Two weeks into the year, however, we already feel the challenge of trying to make progress on our goals and priorities as other needs and opportunities emerge and make demands on our schedule. This is the time of year when what sounded so valuable during our planning time can start to become simply good intentions.
As I face that challenge as a Dad, I’m reminded of two commitments that have been critical to our family that I encourage every dad to consider—protecting family discipleship as a priority and making your routine work toward what matters most.Discipleship As a Priority
I know I have to protect family discipleship as a priority because it’s one of those commitments that falls in the category some time management experts describe as “important, but not urgent.” Like building relationships, exercising, and serving others, it’s important to do, but doesn’t come with the same urgency of deadlines, contractual obligations, and other pressures that make it seem time sensitive. Parents (especially dads) are clearly directed to bring their children up “in the discipline and instruction of the Lord” (Eph. 6:4). This makes it one of the most important priorities I have, but the demands of work, school commitments, and after-school activities, tend to press in with more urgency.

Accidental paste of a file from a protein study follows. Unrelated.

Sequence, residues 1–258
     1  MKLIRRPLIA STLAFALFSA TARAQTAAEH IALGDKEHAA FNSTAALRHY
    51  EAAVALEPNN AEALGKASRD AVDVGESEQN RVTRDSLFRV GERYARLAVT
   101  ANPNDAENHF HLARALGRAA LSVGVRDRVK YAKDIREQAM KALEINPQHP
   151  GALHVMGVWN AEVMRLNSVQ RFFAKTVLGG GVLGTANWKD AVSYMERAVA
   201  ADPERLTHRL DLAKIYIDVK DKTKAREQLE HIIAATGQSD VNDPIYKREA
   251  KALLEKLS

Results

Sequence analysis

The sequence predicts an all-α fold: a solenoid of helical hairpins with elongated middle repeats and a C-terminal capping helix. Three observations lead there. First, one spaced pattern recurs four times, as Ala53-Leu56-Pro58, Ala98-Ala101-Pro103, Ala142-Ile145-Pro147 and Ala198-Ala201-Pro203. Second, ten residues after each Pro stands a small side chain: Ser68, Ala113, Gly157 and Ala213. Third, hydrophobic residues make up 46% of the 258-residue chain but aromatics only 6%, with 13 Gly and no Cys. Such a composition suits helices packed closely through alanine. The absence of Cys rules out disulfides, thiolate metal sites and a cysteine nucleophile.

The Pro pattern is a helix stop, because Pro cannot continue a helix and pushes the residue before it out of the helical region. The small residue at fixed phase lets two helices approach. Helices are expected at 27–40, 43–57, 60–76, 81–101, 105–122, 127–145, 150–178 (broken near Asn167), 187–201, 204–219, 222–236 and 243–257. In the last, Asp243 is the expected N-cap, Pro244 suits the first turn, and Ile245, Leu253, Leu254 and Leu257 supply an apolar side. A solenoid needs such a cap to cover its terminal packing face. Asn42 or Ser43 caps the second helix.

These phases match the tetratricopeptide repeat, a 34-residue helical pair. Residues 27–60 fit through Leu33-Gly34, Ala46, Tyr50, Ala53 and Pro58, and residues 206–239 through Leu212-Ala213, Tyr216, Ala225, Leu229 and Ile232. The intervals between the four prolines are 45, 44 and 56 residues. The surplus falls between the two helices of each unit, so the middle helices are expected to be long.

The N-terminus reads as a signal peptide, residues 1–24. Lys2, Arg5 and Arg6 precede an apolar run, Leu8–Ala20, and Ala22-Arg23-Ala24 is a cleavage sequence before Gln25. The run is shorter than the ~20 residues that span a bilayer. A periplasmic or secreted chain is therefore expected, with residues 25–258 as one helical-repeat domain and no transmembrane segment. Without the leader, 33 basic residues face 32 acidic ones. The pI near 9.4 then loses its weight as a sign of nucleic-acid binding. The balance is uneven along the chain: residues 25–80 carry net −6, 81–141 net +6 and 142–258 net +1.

For that reason, I know I have to add urgency to what’s important by committing time on our family schedule for discipleship. And that means weighing this activity against other family activities—and determining what’s most important.
In his book The Disciple-Making Parent, Chap Bettis describes what can often fill up family calendars: “Surrounding us are parents making superhuman sacrifices for their children’s soccer practice, hockey practice (5 a.m. ice time?), academic progress, and music lessons (two instruments at the same time?).“ He goes on to say, “We can be tempted to follow them. While we may give lip service to discipling our children, the reality comes when we start prioritizing activities.”